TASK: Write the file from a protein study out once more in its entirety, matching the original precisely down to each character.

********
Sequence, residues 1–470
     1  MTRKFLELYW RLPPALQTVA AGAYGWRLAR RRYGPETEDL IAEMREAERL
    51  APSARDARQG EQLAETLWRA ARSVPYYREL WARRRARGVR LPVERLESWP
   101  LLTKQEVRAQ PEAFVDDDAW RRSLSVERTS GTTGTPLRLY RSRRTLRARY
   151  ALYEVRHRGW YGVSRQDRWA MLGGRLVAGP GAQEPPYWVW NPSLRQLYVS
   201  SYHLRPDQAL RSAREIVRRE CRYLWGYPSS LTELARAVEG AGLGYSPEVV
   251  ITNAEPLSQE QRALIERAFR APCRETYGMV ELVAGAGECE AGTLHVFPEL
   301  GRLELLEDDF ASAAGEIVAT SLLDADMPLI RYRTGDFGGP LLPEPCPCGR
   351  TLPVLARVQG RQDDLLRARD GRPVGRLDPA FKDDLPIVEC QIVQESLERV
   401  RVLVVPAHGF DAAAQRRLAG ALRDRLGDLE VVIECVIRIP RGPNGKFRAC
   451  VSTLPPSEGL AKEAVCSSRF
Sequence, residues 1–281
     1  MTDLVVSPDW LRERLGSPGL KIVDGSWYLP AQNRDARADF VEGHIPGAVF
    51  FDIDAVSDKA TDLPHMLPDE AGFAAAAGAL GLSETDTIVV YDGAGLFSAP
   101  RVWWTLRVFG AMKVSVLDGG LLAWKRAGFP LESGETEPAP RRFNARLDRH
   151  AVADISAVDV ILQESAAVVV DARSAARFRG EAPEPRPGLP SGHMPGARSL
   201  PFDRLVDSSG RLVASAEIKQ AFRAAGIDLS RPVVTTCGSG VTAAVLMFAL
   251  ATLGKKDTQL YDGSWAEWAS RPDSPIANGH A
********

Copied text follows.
Sequence, residues 1–470
     1  MTRKFLELYW RLPPALQTVA AGAYGWRLAR RRYGPETEDL IAEMREAERL
    51  APSARDARQG EQLAETLWRA ARSVPYYREL WARRRARGVR LPVERLESWP
   101  LLTKQEVRAQ PEAFVDDDAW RRSLSVERTS GTTGTPLRLY RSRRTLRARY
   151  ALYEVRHRGW YGVSRQDRWA MLGGRLVAGP GAQEPPYWVW NPSLRQLYVS
   201  SYHLRPDQAL RSAREIVRRE CRYLWGYPSS LTELARAVEG AGLGYSPEVV
   251  ITNAEPLSQE QRALIERAFR APCRETYGMV ELVAGAGECE AGTLHVFPEL
   301  GRLELLEDDF ASAAGEIVAT SLLDADMPLI RYRTGDFGGP LLPEPCPCGR
   351  TLPVLARVQG RQDDLLRARD GRPVGRLDPA FKDDLPIVEC QIVQESLERV
   401  RVLVVPAHGF DAAAQRRLAG ALRDRLGDLE VVIECVIRIP RGPNGKFRAC
   451  VSTLPPSEGL AKEAVCSSRF
Sequence, residues 1–281
     1  MTDLVVSPDW LRERLGSPGL KIVDGSWYLP AQNRDARADF VEGHIPGAVF
    51  FDIDAVSDKA TDLPHMLPDE AGFAAAAGAL GLSETDTIVV YDGAGLFSAP
   101  RVWWTLRVFG AMKVSVLDGG LLAWKRAGFP LESGETEPAP RRFNARLDRH
   151  AVADISAVDV ILQESAAVVV DARSAARFRG EAPEPRPGLP SGHMPGARSL
   201  PFDRLVDSSG RLVASAEIKQ AFRAAGIDLS RPVVTTCGSG VTAAVLMFAL
   251  ATLGKKDTQL YDGSWAEWAS RPDSPIANGH A